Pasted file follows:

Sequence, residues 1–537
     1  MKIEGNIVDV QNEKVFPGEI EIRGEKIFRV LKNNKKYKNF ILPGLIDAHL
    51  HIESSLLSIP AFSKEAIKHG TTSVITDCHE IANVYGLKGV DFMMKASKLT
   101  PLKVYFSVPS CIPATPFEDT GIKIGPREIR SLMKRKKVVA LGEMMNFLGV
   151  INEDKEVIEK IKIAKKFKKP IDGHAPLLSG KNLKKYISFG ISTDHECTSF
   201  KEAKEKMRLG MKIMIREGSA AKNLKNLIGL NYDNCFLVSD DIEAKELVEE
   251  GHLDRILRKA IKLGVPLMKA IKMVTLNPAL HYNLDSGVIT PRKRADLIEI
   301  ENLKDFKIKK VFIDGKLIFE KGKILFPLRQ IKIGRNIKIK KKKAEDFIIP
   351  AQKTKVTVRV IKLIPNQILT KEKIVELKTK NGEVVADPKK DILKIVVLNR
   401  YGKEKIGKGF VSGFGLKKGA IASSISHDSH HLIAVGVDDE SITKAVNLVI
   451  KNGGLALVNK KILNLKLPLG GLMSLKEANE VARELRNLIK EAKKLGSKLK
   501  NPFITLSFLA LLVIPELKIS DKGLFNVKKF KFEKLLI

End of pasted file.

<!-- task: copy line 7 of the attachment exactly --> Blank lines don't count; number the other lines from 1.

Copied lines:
   251  GHLDRILRKA IKLGVPLMKA IKMVTLNPAL HYNLDSGVIT PRKRADLIEI